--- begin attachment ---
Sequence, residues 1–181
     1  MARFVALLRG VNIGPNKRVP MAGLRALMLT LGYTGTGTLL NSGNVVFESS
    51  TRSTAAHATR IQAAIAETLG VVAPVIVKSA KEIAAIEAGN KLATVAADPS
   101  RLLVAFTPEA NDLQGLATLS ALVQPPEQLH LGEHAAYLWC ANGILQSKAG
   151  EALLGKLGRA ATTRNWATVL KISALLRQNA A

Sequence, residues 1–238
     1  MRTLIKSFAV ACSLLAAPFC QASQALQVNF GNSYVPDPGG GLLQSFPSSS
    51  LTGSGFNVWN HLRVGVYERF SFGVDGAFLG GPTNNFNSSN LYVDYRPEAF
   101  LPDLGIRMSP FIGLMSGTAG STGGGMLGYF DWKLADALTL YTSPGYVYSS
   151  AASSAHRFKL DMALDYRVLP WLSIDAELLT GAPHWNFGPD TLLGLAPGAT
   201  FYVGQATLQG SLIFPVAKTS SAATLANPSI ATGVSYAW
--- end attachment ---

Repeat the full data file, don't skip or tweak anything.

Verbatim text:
Sequence, residues 1–181
     1  MARFVALLRG VNIGPNKRVP MAGLRALMLT LGYTGTGTLL NSGNVVFESS
    51  TRSTAAHATR IQAAIAETLG VVAPVIVKSA KEIAAIEAGN KLATVAADPS
   101  RLLVAFTPEA NDLQGLATLS ALVQPPEQLH LGEHAAYLWC ANGILQSKAG
   151  EALLGKLGRA ATTRNWATVL KISALLRQNA A

Sequence, residues 1–238
     1  MRTLIKSFAV ACSLLAAPFC QASQALQVNF GNSYVPDPGG GLLQSFPSSS
    51  LTGSGFNVWN HLRVGVYERF SFGVDGAFLG GPTNNFNSSN LYVDYRPEAF
   101  LPDLGIRMSP FIGLMSGTAG STGGGMLGYF DWKLADALTL YTSPGYVYSS
   151  AASSAHRFKL DMALDYRVLP WLSIDAELLT GAPHWNFGPD TLLGLAPGAT
   201  FYVGQATLQG SLIFPVAKTS SAATLANPSI ATGVSYAW